It’s been exactly a week since I returned home from Denmark and I’ve finally had time to reflect on my semester abroad. It felt so strange walking into the chaos of JFK airport (it really made me miss how orderly the CPH airport is!) and hearing everyone around me speak English with American accents. Being in Europe for four months has made me more aware of the good and bad things that make home unique–the massive size of the U.S., the pervasive inequality, the unreliable public transportation (I never understood why Danes complain about their public transportation system–it works so well!), the diversity of NYC that I missed more than anything else, and so much more.
While it’s nice being back home, I really miss Copenhagen 😦 My last week there was a whirlwind of final exams, papers, goodbyes, and last-minute packing, leaving me with little time to reflect. Thankfully, I have this blog to help me process my thoughts and feelings about the past four months!
It’s okay not to be happy all the time
There’s so much pressure to feel like you’re having the time of your life every single day of your semester abroad, but that’s just not realistic. I had many amazing, memorable experiences over the past four months, but there were also times when I felt sad or isolated. Despite what my Instagram feed and other blog posts depict, most days were quite “average”–I would go to class, do homework, eat dinner, and do other “everyday” things. It’s important to remember that while you will have many opportunities over the course of the semester to have the time of your life, it’s unrealistic to expect to do so every day. And that’s completely okay–don’t let the pressure of social media make you feel like you aren’t studying abroad the “right” way.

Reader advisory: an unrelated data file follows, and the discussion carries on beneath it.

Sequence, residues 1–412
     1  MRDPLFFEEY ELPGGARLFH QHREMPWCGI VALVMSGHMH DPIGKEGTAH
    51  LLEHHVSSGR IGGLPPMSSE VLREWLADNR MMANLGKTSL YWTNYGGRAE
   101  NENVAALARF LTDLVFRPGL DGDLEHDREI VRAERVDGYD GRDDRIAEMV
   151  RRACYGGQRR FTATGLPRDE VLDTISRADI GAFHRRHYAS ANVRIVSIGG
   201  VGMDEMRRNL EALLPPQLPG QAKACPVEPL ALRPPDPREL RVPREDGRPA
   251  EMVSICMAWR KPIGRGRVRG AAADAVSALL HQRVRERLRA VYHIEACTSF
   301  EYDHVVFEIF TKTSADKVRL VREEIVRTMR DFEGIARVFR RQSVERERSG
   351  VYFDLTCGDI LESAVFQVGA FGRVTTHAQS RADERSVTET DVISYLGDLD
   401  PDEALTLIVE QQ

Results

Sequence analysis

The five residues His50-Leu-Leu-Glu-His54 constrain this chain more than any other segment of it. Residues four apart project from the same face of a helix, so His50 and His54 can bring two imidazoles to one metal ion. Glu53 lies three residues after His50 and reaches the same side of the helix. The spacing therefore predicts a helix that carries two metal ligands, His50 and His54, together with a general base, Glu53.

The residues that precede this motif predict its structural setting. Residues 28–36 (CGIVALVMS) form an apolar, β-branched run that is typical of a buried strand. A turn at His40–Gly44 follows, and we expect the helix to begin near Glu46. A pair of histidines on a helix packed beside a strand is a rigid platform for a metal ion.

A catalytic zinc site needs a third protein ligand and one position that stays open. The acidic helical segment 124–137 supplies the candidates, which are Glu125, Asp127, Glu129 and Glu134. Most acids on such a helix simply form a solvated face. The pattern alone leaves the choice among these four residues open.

Work-life balance is important
After an incredibly stressful fall semester, I was so eager to get away from Smith and be relieved of the constant pressure I feel when I’m on campus. While studying in a different country came with its own challenges, I definitely experienced a healthier school-life balance in Denmark. Of course, there were times when I was stressed out about papers and exams, but I also made a more conscious effort to make time for relaxation, fun, and hygge 🙂 I think living with a host family helped with this–I rarely did homework in the evenings this semester because that time of day was dedicated to dinner, conversation, and watching TV or a movie together after dinner.
Overall, I’m so happy I decided to study abroad this semester. I feel so lucky to have had the opportunity to live in such a beautiful city for four months, travel around Europe, meet so many great people, and experience immense personal growth. I also want to give a special shout out to my host family–thank you for giving me a home in Denmark and teaching me more about Danish culture than any class could have.
Finally, thank you to everyone who has read this blog over the past few months. While my posts only scratched the surface of my time in Denmark, it has been so nice to have a space to reflect on my experiences. If you are a prospective DIS student, please don’t hesitate to reach out with questions 🙂
For the last time, vi ses!!!